My dad was laying in one bed, and the other had been made empty to accommodate the family while we kept watch. My family had been there for a day already but everyone was happy to be reunited and pretty alert for 3am. We all caught up a bit. My family told me my father’s condition, and that he wasn’t expected to make it through the night. Everyone had thought he was holding on until we arrived.
He laid there, propped up on the bed at a little less than 45 degree angle, sort of sitting and laying at once. His head hung to the side, and his chest raising over and over to take in labored, raspy gasps. His eyes, though slightly open, only revealed grayish eyes that seemed asleep.
The nurse let me know that they had kept his morphine level down so that he’d be able to greet me when I arrived. She gave him some morphine from a dropper, then gently took ahold of his head to get his attention and raised her voice to tell him I was there. Though his face was fixed in a way that betrayed little, his eyes became more aware. I leaned over him and let him know that Heidi, Paige and I were there. Paige was a little too unsure of it all to give him a hug but she came close. I smiled a lot to reassure him and we kept our gazes on each other- then tears started to drip from his eyes- that’s the extent of our communication in those last hours.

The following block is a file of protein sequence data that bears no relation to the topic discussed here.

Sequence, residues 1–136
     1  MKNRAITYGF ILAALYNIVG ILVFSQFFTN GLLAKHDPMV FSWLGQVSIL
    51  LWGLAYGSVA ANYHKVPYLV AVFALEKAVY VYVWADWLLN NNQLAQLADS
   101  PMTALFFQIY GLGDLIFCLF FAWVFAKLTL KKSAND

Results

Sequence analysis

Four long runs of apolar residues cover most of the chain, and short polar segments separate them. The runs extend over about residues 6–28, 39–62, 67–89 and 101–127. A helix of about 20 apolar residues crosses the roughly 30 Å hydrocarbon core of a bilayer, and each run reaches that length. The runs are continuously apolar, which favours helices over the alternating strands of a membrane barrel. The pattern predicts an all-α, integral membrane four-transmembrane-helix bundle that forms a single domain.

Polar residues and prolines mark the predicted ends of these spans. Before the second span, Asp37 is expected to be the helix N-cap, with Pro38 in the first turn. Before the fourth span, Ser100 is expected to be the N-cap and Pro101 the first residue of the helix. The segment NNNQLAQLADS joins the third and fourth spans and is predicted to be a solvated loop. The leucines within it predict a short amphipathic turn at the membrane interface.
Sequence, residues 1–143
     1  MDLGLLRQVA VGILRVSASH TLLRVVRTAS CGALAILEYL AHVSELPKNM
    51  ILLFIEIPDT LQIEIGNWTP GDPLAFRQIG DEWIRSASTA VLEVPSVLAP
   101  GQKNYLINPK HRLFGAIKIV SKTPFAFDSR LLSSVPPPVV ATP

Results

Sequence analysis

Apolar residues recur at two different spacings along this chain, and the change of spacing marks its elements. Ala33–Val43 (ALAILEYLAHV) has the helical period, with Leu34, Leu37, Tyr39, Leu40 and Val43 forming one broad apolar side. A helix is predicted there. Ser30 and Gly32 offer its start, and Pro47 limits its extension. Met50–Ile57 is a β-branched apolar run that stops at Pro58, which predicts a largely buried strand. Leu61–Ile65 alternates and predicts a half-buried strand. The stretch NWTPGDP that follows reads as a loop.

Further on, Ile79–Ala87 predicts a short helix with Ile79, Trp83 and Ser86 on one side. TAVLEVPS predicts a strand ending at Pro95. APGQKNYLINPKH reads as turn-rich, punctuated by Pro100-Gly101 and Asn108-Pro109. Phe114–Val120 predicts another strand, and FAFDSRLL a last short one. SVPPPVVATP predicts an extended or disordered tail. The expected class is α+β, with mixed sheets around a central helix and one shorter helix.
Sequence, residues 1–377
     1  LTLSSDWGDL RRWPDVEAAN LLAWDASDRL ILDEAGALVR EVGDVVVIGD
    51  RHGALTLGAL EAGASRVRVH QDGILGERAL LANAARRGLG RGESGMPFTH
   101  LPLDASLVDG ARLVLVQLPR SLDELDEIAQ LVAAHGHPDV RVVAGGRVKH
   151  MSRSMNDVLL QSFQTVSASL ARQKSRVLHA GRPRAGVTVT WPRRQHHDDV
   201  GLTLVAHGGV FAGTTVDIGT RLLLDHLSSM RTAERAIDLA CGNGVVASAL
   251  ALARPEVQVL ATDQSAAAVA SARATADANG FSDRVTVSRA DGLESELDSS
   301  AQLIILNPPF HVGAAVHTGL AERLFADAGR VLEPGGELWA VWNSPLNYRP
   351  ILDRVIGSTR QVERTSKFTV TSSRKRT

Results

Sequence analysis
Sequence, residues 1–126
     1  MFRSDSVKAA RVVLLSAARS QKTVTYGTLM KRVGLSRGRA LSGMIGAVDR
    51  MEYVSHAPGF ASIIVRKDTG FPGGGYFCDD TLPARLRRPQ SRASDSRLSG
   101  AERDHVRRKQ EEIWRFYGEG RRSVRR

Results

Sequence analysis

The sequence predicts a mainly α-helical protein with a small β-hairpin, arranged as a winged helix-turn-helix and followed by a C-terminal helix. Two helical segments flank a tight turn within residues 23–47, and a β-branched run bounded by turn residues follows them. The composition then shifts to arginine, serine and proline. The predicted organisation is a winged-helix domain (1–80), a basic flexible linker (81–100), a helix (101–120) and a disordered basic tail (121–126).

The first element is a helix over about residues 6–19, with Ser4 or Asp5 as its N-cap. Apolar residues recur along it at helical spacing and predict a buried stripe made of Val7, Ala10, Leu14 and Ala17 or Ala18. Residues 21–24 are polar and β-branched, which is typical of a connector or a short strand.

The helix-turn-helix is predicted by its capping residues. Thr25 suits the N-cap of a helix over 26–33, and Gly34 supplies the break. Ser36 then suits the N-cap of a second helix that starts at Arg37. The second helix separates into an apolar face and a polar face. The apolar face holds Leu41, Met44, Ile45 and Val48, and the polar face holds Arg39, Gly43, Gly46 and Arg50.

Were they tears of joy? Were they frustration over his lack of speech? Regrets? They had to be enough, because no one could translate them. They’re mine to interpret.
Waiting for the End
The next day and a half were the same. If you did a time-lapse of the room you’d see us taking turns sitting at his bed recounting the countless insane Adkins stories that we know he loved. Sometimes someone would get a 30 minute nap. The occasional exit for a cigarette or to stretch, and lots of Paige climbing in people’s laps to comfort them or ask questions about what was happening. She picks up so much. There was also lots of crying.
Then it happened. After so many pleas for him to finally let go, his body was showing the obvious signs that it was shutting down forever. I had been nodding off, so they called me over. Everyone had a hand on him and were reassuring him that we were there and that we loved him. This process had seemed so long- he held on a day or two longer than expected and the whole time we had thought it was the very end. Our hearts had been given a lot of time to rehearse.